Greece is now on the final stretch to achieving the goal that brought the government to power; an exit from strict surveillance and the end of the memoranda, Prime Minister Alexis Tsipras said on Tuesday during his opening speech at the cabinet meeting.
He stressed the need for the government to not lose focus of the target and not become complacent, noting that the “last few metres of the course” will be the most difficult.
“Do not forget that this government was formed by parties with different ideological starting points but with a common central political objective: a safe and final exit from the memorandums and suffocating surveillance, the recovery of our economic sovereignty,” the prime minister stressed. He noted that the government’s target is to hold elections in autumn 2019, at the end of the government’s four-year term.
“No one in Europe is currently discussing the possibility of a precautionary credit line for Greece. What we are discussing with the institutions is the details of a clean exit, an exit that will not be accompanied by new commitments, from a new memorandum,” Tsipras said.
“The debate on a precautionary credit line that some have tried to keep alive is a discussion that is already over. Some people may be making desperate attempts, even now, to resurrect it for their own political purposes, but the reality proves them wrong.”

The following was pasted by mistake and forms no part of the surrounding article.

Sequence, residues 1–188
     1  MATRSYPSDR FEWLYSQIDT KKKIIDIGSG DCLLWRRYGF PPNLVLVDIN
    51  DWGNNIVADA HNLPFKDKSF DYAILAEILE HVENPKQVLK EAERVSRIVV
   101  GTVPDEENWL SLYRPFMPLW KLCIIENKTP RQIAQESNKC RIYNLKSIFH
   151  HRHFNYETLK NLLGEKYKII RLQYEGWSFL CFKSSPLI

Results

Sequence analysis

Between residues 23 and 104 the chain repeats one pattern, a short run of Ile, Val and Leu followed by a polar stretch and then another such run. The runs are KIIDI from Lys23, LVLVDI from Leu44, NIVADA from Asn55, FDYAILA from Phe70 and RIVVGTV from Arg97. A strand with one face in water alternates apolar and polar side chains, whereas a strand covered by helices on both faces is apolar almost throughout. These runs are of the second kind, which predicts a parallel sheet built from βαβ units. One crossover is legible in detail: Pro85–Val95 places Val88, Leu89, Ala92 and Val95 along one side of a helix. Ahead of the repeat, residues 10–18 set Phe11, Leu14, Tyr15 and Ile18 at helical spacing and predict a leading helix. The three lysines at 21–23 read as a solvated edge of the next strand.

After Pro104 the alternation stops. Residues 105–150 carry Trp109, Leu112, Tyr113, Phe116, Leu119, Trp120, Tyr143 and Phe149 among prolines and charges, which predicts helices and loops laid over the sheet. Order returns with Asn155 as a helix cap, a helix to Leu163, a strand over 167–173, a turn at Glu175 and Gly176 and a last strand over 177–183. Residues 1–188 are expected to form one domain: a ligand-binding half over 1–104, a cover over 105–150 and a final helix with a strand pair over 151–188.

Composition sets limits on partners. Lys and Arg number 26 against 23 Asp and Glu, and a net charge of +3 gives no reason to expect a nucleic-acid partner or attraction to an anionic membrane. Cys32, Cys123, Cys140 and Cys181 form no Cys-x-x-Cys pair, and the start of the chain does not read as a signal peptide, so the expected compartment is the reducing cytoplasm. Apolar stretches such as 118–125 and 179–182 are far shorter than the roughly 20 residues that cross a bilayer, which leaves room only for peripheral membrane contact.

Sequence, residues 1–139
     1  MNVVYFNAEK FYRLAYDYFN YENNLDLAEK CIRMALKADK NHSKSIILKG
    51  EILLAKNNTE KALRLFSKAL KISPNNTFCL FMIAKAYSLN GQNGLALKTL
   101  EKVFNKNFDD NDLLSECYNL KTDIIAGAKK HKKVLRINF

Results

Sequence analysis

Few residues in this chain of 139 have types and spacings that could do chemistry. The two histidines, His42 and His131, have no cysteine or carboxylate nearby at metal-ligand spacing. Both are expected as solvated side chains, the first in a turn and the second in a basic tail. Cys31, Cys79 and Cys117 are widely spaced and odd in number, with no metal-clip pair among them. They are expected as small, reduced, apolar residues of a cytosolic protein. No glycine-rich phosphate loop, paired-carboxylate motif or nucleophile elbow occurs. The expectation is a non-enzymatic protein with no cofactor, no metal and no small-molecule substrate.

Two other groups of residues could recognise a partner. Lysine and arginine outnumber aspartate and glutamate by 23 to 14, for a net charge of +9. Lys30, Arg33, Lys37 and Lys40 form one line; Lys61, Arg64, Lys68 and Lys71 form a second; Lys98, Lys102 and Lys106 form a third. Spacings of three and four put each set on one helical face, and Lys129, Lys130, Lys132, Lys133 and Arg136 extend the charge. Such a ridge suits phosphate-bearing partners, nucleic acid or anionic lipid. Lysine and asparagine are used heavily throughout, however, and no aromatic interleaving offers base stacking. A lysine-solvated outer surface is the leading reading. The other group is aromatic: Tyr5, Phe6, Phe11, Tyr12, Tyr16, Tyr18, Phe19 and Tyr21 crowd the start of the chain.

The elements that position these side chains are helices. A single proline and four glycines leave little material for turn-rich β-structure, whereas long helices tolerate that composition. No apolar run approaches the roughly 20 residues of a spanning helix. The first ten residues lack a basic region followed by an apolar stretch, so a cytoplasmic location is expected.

He added that the government is currently discussing a post-programme strategic development plan for Greece with the institutions, from which the key criteria for the surveillance of the Greek economy will arise, as well as the issue of easing Greek debt.
Turning to foreign policy issues, the prime minister said the country had to find a way to resolve differences with neighbouring Albania and FYROM without retreating from national positions, as well as managing Turkish aggressiveness.
“The biggest national failure at this time would be to show ourselves unable to manage Turkish provocation and the heightened tension that we see from our neighbours with unity, sobriety and calmness,” Tsipras said.
At the same time, he assured the Greek people that “Greece is a strong and secure country with strong international alliances and foundations.”
“We are not threatening anyone, but we are not afraid of anyone, and we call on our neighbors to leave aside the escalating rhetoric that leads to an impasse,” he said.
Tsipras urged Turkey to stop the attacks and act as quickly as possible, as a gesture of good will, to speed up the return of the two Greek soldiers being held in Turkey.
“Given that Turkey is in a state of tension, we have yet another reason to seek to close as many fronts as possible in our foreign policy, so that we do not waste diplomatic and political capital,” Tsipras said. To this end, Greece should carry on in the same direction, trying to resolve issues on its northern borders with Albania and FYROM, ” but without retreating from our national positions and with a sense of national responsibility.”
“Greece, as a force of stability and democracy in the region, should play a leading role in this endeavor that ensures an environment of good neighbourliness, cooperation and mutual respect,” he added.
“It would be desirable if, at least in foreign affairs, there was a climate of understanding and unity among the political forces,” while noting that this did not appear to exist at present. “I’m sorry, but I do not see it. I wish to be proven wrong,” he added.